Our students and all French learners are often confused by a few French verbs that look quite similar, but have a different meaning. Here are a few of these pairs that are very commonly used in French.
I. Penser vs Croire
Penser mainly means “to think”, whether it is followed or not with the conjunction “que”. There are slight nuances when it is followed by the...Read More
The Verb manquer : Different Meanings Not to Be Missed
This verb is very interesting as it means at the same time “to lack” or “to run out of something”, to “fail”, and, its main meaning, “to miss”. And this is when it becomes very confusing for English speakers as it is used in a very different way. It is interesting, too, to discover a...Read More
“On”: Friendlier than “Nous”
The tiny word on carries great importance in everyday spoken French. For Anglophones learning French, on is frequently misunderstood or ignored because many think that on only expresses its English equivalent of ‘one’, while many of those who understand that it’s also an alternative to using nous hesitate to use it because of the false belief...Read More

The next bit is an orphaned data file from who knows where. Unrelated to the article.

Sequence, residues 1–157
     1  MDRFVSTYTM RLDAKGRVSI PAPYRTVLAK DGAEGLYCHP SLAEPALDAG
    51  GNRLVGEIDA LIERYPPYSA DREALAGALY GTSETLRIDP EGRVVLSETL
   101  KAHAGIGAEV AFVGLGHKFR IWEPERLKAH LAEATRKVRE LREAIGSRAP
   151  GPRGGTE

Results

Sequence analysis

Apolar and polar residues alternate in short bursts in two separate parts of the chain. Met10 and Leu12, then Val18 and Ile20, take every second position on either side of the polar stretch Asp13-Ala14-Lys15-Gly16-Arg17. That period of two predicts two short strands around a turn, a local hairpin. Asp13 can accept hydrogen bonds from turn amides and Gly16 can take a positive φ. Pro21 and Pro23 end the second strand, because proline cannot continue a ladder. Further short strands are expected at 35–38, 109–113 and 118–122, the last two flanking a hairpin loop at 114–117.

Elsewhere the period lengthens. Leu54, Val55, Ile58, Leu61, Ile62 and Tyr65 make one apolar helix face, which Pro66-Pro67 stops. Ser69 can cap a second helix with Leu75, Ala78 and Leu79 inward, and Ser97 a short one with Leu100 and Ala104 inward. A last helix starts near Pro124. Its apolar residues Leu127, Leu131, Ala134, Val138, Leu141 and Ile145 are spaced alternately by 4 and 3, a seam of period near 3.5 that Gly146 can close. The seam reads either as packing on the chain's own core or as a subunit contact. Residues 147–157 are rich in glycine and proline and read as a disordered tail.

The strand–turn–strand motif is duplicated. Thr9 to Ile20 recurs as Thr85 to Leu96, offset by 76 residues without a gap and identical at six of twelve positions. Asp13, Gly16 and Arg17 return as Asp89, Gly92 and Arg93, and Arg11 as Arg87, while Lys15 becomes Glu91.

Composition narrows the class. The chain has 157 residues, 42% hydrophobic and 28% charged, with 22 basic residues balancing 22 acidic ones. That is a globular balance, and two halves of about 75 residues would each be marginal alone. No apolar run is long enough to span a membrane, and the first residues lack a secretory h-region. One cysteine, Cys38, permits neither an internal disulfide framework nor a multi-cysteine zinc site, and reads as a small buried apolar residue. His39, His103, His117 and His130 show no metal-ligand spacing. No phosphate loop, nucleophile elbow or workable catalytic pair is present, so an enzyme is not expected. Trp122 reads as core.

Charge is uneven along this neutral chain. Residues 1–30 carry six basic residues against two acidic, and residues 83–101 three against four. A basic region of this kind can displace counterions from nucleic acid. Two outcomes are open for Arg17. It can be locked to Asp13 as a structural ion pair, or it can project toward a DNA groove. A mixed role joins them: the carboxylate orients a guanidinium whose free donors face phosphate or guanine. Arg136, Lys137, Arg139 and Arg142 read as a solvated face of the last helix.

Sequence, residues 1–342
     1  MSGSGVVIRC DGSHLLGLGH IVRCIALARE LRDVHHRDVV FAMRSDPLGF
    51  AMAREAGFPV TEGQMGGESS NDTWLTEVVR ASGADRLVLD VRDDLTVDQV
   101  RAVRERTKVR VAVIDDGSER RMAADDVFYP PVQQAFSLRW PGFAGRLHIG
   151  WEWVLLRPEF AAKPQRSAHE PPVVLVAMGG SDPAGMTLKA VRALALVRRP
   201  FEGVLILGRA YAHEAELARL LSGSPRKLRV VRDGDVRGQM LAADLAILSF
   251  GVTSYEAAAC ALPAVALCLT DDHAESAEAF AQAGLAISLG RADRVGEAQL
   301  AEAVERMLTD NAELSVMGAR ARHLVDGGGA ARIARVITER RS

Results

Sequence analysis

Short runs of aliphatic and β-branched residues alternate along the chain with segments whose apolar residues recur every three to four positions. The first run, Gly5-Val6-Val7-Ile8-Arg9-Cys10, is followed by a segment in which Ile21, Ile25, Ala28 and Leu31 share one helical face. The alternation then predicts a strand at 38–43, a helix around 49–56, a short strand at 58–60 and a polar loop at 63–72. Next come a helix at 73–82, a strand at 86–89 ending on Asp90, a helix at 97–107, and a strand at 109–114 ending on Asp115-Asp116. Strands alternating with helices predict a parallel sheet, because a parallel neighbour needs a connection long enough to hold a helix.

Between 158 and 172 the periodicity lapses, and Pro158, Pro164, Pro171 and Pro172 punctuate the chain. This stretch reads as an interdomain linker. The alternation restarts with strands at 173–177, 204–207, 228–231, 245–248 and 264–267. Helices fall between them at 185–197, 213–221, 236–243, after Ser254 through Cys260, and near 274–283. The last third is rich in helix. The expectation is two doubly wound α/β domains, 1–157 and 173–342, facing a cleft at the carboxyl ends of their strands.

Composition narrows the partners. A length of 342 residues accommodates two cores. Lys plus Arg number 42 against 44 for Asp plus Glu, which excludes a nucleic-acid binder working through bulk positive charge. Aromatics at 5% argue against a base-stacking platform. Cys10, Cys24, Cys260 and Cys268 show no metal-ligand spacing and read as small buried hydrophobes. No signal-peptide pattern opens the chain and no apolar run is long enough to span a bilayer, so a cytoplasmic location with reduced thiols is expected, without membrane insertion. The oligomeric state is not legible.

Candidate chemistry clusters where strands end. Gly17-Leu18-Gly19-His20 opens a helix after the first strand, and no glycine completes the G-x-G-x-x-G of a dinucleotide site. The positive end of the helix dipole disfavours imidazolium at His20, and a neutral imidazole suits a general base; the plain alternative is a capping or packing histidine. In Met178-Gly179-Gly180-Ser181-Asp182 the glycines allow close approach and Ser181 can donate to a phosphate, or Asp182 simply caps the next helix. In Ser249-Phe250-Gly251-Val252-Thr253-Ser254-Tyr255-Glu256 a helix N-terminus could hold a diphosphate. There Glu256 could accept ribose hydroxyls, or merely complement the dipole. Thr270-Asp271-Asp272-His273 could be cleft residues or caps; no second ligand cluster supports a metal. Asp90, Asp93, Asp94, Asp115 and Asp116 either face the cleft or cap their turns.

Le plus-que-parfait : How perfect is it?
What is so perfect about the plus‐que‐parfait? Well in my opinion, this tense deserves to have the word parfait in its name because unlike the other 2 past tenses, it is easy to understand how and when to use it. It has a clear and logical explanation; it isn’t ambiguous like the passé composé and the imparfait. In addition, it is directly...Read More
The verb “prendre” is used a lot in the French language. Do you know how to use it?
Here are some explanations:
The verb ‘prendre’ is used the same way as the English verb ‘to take’ but is also used as the verb ‘to have’ in English when speaking about drinks or food.
We don’t say: “I’ll have a coffee” but we say I take a coffee.
It’s the same situation for meals:
Je prends...Read More
The most commonly used French verbs of motion
If I’m going back to Paris, I’m visiting a friend and I’ll return on Monday! The translation of these French verbs is not always straightforward.
You’re visiting a friend? Instinctively, a native English speaker will say je visite. In French, we visit a city or a touristy place but not a person; therefore we cannot use the verb visiter in...Read More
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